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An introduction to Monitoring Fundamentals strictly from the perspective of telecom network alarm management.

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The Top 3 Client-Favorite New DPS Technologies of 2013

As a DPS client, you already have experience with some DPS equipment. Naturally, you think most about the products you use regularly. In fact, we've heard many of you refer to "the DPS box" (as if there was only one).

The problem with thinking in terms of only one "DPS box" is that you can miss a lot of extra opportunities to increase your remote site visibility and control. When you work with DPS, your value multiplies each time you add another function to your monitoring/control system. If you already have T/Mon and/or NetGuardian infrastructure in place, you don't have to deploy an entirely new system to add a new capability.

Here are the Top 3 new technologies of 2013 from DPS that have generated a lot of interest since being announced:

  1. Battery System Monitor (BSM)
    Batteries are expensive, and your sites can go dark if they fail (that's also expensive). For this reason, battery monitoring can pay for itself very quickly. The BSM integrates with the NetGuardian remotes you may already have in your network. Each pair of battery cells receives a wireless monitoring node, and data is transmitted back to the NetGuardian for reporting via SNMP, web interface, T/Mon master station, email, etc.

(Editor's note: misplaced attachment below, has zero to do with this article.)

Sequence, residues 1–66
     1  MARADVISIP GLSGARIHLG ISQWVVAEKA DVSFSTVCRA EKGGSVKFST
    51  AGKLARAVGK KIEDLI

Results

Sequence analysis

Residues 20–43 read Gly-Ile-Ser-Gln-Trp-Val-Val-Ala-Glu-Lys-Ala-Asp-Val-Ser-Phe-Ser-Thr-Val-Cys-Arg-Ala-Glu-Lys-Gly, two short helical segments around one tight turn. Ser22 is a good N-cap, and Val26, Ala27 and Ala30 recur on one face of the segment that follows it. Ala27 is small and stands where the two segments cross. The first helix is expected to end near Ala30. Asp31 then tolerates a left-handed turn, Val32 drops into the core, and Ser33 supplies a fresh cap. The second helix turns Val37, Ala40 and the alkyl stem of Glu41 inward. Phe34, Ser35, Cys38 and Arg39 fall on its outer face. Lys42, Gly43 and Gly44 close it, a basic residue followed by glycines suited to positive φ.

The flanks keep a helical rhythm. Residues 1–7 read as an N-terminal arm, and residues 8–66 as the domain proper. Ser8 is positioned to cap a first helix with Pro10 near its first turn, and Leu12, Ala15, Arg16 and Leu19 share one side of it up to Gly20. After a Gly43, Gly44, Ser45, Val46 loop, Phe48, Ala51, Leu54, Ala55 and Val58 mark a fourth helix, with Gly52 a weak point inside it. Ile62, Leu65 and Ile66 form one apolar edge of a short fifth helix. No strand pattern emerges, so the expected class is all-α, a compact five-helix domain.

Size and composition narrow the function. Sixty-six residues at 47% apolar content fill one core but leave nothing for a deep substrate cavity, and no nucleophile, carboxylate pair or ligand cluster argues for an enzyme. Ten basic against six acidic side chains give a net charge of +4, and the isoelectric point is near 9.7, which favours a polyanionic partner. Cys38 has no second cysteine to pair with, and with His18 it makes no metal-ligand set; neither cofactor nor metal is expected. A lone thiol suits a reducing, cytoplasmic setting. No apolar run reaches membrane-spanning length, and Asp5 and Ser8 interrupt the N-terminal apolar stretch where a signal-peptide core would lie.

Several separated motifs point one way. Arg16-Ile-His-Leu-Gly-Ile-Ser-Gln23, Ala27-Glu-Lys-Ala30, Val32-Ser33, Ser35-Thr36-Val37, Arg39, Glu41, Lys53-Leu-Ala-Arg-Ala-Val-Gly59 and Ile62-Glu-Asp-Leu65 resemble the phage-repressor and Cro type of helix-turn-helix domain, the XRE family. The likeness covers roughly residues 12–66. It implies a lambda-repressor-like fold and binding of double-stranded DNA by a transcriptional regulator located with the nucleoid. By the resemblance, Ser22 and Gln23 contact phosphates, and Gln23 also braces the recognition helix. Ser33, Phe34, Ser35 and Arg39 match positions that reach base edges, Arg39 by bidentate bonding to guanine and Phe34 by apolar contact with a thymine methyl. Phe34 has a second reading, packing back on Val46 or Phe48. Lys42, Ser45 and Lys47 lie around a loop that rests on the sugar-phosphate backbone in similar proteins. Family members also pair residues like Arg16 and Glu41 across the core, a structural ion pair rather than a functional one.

See application diagram and full details
  2. Micro-OTDR for pinpointing fiber cuts
    New SFP modules are equipped with built-in OTDR (optical time-domain reflectometer) to measure the distance to a fiber cut or disturbance. When a break is detected, the SFP module sends an SNMP trap back to T/Mon to indicate the distance to the break (measured in meters). T/Mon will display the break on a T/GFX map display or forward the alarm to a higher-level master station.
    See application diagram and full details
  3. Propane/Diesel fuel tank level monitoring (wired or wireless sensors)
    Just as important as battery monitoring, you simply have to know how much fuel you have in your generator tanks. If you run dry, your sites may go down. At best, you're probably making unnecessary site visits to check the tank level. Whether you use propane or diesel, you can integrate tank-level sensing into NetGuardian remotes. If you'd prefer not to run expensive conduit to the tank (or need to keep the tank electrically isolated), you can even use long-life-battery-powered wireless sensors.
    See application diagram and full details